There's no shortage of opinion around at the moment on the potential consequences of leaving the EU for the UK tourism sector.  We've compiled an overview of the some of the key concerns that have been voiced.

Tourism in the UK is currently worth £125 billion a year to the economy and contributes 9% of GDP and 10% of total employment.  The EU is the main destination for UK tourists with 76% (29.3 million) of foreign holidays taken within EU countries, 68% for business travel and 20% (8.7 million) trips to the EU to see family and friends.

So how would leaving the EU affect tourism:

A weaker pound - This will make travelling abroad for UK tourists more expensive as well as increasing the costs for UK businesses buying abroad but inbound tourists would benefit from better value for money.  This will affect the tourism balance of payments deficit because UK tourists will be spending more money abroad than tourists coming to the UK for holidays.  However a positive outcome may be an increase in Brits taking staycations.

Consumer Rights - The Package Travel directive offers protection in cases of insolvency of tour operators for packages booked within the EU.  These rights would only be available post-Brexit if new regulations were introduced in the UK.

Air Travel - costs of flights have decreased partly due to the removal of restrictive air service agreements within the EU and the creation of the 'single aviation area'.  Leaving the EU may result in higher air fares for those travelling outside the UK.

Compensation for Delayed Flights - Current EU passenger rights regulations mean that consumers not only have the right to compensation if their flights are delayed or cancelled but also to care and assistance such as food and drink and overnight accommodation.  These rights would be removed unless the UK government takes steps to replicate these in UK law.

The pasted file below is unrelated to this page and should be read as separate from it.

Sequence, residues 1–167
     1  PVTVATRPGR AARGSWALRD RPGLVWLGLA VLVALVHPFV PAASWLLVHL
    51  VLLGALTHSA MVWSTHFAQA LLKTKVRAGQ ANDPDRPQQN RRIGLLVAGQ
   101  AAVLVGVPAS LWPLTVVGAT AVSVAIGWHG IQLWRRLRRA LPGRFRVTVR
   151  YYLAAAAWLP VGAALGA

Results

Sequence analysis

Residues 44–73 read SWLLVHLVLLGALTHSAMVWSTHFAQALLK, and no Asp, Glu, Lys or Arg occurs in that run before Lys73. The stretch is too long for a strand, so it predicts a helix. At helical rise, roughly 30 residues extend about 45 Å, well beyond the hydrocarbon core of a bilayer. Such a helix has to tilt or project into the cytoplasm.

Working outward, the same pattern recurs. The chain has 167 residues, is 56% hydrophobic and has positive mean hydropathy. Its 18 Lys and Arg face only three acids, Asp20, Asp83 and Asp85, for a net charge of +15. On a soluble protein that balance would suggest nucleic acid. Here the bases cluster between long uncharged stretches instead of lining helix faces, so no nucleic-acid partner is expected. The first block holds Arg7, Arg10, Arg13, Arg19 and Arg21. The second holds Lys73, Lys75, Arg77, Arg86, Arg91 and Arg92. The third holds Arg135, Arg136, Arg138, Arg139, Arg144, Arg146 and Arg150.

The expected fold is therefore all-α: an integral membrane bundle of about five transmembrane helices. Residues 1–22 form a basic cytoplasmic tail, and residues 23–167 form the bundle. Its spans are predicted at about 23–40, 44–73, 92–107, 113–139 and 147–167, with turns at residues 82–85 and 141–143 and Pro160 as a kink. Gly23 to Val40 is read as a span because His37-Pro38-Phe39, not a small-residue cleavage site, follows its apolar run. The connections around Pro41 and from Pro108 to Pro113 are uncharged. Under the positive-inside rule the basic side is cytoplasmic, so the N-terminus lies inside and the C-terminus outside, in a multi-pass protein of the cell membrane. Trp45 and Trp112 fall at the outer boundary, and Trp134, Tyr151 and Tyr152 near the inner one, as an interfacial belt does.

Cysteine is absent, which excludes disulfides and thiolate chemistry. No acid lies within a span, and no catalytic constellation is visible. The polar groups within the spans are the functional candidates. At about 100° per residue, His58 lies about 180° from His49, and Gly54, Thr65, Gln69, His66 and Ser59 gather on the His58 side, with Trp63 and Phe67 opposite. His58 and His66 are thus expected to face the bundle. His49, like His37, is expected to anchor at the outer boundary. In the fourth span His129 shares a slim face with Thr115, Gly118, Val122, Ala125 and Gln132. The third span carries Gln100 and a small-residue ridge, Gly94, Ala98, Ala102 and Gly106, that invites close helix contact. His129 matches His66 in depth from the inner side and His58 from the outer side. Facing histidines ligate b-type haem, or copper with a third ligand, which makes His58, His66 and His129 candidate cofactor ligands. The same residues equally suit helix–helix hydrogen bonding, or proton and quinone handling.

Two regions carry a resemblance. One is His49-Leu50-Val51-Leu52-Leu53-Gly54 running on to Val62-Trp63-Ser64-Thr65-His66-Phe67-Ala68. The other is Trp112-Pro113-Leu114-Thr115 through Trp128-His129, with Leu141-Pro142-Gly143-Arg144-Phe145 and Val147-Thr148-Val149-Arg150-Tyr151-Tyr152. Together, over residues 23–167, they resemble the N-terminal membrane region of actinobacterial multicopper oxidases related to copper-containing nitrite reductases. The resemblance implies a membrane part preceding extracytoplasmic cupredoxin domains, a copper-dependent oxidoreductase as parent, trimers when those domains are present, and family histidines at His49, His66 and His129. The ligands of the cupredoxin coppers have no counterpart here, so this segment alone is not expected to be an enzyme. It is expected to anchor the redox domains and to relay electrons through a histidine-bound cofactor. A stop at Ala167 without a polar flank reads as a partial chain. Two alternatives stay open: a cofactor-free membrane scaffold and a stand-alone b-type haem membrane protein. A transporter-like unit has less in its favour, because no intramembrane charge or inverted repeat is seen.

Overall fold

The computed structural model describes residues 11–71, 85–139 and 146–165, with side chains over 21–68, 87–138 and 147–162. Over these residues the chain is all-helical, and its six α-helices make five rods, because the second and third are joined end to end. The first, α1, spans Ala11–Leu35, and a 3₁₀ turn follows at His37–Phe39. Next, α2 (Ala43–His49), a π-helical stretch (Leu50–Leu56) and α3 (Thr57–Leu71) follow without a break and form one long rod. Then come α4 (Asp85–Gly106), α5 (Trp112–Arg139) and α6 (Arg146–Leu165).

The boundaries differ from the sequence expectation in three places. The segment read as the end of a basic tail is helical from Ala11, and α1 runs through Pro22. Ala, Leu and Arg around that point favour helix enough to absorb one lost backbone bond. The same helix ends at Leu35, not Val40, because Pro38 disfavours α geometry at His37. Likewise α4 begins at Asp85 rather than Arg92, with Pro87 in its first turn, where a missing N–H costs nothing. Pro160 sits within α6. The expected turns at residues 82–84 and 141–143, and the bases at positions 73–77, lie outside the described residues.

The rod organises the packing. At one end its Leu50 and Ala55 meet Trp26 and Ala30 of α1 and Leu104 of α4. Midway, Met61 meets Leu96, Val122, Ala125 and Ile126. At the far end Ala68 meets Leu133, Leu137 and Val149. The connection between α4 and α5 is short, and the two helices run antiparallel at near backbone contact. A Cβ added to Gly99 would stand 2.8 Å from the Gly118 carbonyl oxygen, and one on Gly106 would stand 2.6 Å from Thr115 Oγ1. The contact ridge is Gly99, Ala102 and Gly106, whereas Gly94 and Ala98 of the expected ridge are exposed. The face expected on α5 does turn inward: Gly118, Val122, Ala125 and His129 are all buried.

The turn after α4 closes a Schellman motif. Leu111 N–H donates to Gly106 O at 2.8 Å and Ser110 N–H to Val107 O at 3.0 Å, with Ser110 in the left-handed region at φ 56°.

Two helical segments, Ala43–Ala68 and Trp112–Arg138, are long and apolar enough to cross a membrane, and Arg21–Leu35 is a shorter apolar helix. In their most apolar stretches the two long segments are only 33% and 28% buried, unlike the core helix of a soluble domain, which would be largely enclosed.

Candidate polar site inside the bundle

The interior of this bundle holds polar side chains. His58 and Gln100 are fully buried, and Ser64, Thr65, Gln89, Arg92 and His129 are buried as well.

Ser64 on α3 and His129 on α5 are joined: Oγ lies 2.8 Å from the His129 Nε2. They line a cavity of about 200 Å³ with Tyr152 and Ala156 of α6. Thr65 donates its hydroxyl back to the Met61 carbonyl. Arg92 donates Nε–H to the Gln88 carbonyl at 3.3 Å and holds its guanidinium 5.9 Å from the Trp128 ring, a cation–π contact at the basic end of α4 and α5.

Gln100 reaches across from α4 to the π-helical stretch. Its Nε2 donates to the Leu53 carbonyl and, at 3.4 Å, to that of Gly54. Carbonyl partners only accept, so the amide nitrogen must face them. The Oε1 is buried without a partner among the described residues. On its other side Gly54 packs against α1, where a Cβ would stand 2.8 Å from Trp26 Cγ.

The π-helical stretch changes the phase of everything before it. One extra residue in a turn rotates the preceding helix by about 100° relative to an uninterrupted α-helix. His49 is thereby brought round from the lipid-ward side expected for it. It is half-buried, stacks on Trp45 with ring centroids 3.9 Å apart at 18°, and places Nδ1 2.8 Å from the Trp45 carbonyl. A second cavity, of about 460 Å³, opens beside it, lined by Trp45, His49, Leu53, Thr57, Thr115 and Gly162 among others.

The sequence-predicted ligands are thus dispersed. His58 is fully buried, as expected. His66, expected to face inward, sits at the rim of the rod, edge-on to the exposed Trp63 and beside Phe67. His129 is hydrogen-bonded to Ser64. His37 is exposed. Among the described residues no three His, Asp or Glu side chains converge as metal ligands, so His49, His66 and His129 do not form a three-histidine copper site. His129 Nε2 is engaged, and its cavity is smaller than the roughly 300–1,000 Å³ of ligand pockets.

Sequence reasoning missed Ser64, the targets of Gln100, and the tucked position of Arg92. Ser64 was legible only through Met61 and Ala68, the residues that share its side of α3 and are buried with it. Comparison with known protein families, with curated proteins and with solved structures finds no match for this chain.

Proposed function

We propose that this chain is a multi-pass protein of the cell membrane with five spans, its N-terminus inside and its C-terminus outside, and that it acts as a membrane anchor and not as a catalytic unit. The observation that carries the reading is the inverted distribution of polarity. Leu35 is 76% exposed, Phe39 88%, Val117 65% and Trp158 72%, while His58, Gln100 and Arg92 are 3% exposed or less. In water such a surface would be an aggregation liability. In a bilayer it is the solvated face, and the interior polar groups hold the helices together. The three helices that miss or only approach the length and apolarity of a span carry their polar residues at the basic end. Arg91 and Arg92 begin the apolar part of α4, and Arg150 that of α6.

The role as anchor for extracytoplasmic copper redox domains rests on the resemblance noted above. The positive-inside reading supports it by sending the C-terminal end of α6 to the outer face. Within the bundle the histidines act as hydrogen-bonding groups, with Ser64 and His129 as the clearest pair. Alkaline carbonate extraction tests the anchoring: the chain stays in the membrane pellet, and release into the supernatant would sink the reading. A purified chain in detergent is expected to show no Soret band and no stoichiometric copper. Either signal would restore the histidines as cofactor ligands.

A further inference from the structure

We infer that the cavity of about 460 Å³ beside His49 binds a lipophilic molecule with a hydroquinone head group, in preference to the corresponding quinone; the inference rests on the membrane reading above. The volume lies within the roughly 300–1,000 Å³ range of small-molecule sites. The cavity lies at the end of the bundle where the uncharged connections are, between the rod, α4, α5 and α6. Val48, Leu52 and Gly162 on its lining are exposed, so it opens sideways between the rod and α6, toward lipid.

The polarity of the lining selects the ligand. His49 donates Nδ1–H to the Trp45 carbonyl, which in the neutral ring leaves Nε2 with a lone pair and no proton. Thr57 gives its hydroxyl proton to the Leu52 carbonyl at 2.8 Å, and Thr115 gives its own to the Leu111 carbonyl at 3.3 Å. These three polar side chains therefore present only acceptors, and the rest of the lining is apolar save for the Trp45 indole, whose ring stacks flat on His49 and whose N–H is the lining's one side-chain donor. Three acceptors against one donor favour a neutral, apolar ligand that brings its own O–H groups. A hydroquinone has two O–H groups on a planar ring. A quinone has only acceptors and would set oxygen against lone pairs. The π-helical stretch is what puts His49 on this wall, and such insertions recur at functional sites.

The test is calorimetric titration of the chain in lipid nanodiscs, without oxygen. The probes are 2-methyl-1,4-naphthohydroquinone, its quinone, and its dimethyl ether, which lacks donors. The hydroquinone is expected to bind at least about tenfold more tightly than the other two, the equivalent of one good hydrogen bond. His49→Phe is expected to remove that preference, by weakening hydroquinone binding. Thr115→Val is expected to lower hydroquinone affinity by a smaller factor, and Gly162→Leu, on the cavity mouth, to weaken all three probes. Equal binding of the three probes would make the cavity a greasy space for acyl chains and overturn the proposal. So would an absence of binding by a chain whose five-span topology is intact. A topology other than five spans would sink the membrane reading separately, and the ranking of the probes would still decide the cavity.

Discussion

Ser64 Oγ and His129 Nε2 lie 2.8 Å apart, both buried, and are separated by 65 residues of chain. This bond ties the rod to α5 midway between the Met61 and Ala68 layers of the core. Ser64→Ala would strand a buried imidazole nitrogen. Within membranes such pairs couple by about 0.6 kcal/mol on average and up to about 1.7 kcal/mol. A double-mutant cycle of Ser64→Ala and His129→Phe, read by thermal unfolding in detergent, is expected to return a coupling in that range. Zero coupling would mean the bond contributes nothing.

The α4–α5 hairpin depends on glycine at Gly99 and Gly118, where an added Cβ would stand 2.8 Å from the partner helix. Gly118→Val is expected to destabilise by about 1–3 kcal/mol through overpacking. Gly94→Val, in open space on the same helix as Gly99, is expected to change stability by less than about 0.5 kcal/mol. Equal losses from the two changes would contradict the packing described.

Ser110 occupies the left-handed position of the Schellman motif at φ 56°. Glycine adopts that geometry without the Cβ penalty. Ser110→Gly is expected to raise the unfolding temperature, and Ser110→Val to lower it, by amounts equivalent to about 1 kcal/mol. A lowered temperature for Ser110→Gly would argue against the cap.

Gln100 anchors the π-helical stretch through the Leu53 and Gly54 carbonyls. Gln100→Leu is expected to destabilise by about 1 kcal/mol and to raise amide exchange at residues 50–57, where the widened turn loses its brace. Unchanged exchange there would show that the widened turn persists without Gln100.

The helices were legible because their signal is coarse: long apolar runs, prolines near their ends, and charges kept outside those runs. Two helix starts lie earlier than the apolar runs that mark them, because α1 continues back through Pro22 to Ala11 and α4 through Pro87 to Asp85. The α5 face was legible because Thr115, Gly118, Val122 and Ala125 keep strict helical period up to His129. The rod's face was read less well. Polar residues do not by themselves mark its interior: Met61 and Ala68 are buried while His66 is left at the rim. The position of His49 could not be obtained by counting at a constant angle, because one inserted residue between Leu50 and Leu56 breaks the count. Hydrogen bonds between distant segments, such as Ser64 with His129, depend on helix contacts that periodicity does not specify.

Cleaner Beaches - The introduction of EU standards have led to improved sea water quality across European coastlines and a decrease in sewage pollution around the British coast.  Without pressure from Brussels, would the UK government keep the pressure on water companies to keep improving sewage treatment?

Mobile Roaming Fees - Caps for roaming charges have recently been introduced but these are due to be abolished by 2017, benefiting tourists travelling around the EU.  However if the UK was to leave, we'd be left out unless the UK government intervened.

Freedom of Movement - Although passport controls are retained in the UK (because we sit outside of the border-free Schengen area), UK consumers are able to travel freely within most of Continental Europe and EU citizens only experience basic border checks when they enter the UK.  The requirements for UK-EU travel in the event of Brexit would depend on the settlement reached.

Working in the EU - EU membership has enabled people to work in ski and beach resorts and fund trips around Europe by taking casual work along the way without a work permit.  It is thought that Brexit may result in these rights becoming more restricted. The UK travel and tourism sector also employs a significant number of immigrants.  Businesses in the sector could be challenged if limitations on the recruitment of foreign nationals were introduced.

Healthcare - All EU residents currently have access to a European Health Card (EHC) providing them with the same healthcare services in EU countries that is available to locals. Brexit would mean that this is then open to negotiation and would result in an increase in travel insurance premiums if access to healthcare became limited.

Duty Free - Although the right to buy duty free goods in another EU country ended in 1999 we gained the right to buy a virtually unlimited amount of duty paid goods such as wine from France for example.  Brexit may result in the return of duty-free allowances which would reduce the potential savings to be made. 

A report produced by ABTA and Deloitte aims to provide travel businesses with the facts and assessments to help inform their decision on the 23rd June.  Visit the Deloitte website to view the full report.

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